Communications minister Dermot Ahern TD has claimed that broadband usage in Ireland has tripled in the six months following the introduction of his various initiatives in driving down prices and improving competition with more than 100,000 people using broadband and flat rate internet access services. He also called for more co-operation between EU ministers in combating soaring levels of spam.
Addressing the EU Council of Telecommunications Ministers in Brussels, Ahern said that some 60,000 people are accessing flat rate services, compared with 30,000 in October 2003 and that some 42,000 people are accessing broadband services, compared with 13,000 in October 2003.
Ahern said that there has been a 33pc weekly increase since broadband packages of €40 per month were introduced and argued that if prices continued to fall there would be an even greater take-up.
“I have argued for some time that once the price was right the Irish consumer would bite. As prices have tumbled, the consumer has upgraded either to flat rate or broadband. I believe with increasing competition on broadband, the numbers opting for high speed will continue to show dramatic increases.
“The Government has invested heavily in broadband. Last year and this year we are spending €65m on the 19 towns metro rings fibre project which will bring high speed connectivity in central networks running through towns and cities. We are also going to deliver broadband to every town of 1,500 people or more. At the weekend I announced details of the €25m Group Broadband Scheme for smaller towns, villages and rural communities. We have also struck an €18m deal with industry to bring broadband to all 4,100 primary and secondary schools commencing this year with industry funding the bulk of this.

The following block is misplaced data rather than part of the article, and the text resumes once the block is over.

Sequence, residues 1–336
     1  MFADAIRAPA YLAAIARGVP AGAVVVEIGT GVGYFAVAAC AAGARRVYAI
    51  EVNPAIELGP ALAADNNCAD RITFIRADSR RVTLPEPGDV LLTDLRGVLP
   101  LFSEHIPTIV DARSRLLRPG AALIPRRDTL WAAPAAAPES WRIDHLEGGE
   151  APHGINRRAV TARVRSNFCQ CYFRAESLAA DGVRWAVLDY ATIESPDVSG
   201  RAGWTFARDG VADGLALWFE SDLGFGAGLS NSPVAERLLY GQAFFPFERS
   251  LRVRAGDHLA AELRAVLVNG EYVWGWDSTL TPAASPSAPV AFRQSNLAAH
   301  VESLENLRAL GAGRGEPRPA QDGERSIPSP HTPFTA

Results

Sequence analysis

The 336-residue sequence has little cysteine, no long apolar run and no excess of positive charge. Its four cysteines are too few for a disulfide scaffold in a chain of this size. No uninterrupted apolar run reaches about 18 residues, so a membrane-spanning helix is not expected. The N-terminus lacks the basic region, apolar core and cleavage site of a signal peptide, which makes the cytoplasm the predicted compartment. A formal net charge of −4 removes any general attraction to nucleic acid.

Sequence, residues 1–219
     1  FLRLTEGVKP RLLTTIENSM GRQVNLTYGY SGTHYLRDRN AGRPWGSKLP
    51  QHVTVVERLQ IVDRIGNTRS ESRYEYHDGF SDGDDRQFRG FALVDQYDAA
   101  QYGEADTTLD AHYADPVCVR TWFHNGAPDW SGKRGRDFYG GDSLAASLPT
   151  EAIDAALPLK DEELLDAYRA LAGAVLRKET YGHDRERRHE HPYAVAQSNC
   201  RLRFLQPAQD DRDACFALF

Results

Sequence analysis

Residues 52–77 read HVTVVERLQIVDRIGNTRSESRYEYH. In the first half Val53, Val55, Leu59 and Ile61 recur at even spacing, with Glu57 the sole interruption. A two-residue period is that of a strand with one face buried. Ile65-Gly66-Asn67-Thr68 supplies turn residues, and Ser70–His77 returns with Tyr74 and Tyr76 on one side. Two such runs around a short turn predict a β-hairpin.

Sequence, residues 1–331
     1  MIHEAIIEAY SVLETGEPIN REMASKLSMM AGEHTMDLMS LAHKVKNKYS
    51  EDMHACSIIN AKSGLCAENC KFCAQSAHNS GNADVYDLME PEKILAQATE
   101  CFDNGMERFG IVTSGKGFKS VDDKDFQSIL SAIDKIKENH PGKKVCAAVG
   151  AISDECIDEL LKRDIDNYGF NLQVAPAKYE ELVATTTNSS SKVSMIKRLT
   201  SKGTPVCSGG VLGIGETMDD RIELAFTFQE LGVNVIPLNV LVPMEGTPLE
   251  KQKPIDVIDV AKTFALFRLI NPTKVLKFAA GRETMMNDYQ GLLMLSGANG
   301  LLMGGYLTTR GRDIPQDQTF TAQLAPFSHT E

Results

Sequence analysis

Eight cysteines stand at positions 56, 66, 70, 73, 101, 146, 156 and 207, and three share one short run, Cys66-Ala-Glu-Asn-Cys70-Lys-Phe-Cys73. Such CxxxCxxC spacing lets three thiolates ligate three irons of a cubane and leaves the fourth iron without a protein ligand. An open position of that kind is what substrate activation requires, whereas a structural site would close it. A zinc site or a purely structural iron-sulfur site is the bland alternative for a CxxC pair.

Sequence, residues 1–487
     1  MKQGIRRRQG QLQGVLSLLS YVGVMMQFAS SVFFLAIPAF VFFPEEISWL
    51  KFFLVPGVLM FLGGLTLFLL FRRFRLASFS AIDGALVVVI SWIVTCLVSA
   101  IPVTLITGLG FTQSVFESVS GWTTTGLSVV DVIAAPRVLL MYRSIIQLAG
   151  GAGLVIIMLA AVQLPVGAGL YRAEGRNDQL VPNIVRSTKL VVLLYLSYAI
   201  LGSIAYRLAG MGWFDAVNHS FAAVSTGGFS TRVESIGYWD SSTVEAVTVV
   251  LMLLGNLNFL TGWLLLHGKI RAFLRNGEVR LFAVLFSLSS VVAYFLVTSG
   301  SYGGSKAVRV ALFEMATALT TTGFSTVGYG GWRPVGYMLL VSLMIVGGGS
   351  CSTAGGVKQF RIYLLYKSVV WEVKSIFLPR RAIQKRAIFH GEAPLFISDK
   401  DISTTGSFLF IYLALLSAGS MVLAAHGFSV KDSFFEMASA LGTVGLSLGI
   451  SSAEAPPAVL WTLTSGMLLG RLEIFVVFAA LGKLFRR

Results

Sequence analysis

“In addition, we have seen new backhaul rollout, particularly that from ESB and ESAT BT which has significantly cut access costs to the regions, linking international hubs with the Metro rings,” Minister Ahern said.
Looking at the ICT sector as a whole, Ahern said he believed that the two year-long consolidation of the sector has ended and that the industry was ripe for growth and expansion.
“The sector plays a strategic role in the growth of the European economy. The sector has been the largest contributor to European productivity growth.”
“Governments have an important role to play through increasing their own usage of ICTs and broadband applications and where needed they can support the provision of services and infrastructure in under-served areas. The importance of the implementation of the new regulatory framework must not be ignored because of its role in creating a predictable legal environment for the benefit of investors and enhancing competition,” he said.
Ahern urged continuing co-operation between the EU Commission, Member States and relevant stakeholders and international players in battling “spam” or unsolicited e-mails. He said spam now accounted for 50pc of all emails. It was an issue that had to be tackled in a concerted international way.
Ahern concluded: “The Irish Presidency is keen to explore opportunities for co-operation with the US in the fight against spam. We would like to take the opportunity of the Presidency to encourage our EU counterparts to engage in similar initiatives.”
By John Kennedy